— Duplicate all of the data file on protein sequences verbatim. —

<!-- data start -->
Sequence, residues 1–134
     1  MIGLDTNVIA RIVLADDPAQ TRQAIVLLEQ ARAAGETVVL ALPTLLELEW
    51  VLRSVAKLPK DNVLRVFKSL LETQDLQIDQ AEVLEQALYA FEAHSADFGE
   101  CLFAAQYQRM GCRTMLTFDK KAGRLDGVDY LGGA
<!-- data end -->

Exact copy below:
Sequence, residues 1–134
     1  MIGLDTNVIA RIVLADDPAQ TRQAIVLLEQ ARAAGETVVL ALPTLLELEW
    51  VLRSVAKLPK DNVLRVFKSL LETQDLQIDQ AEVLEQALYA FEAHSADFGE
   101  CLFAAQYQRM GCRTMLTFDK KAGRLDGVDY LGGA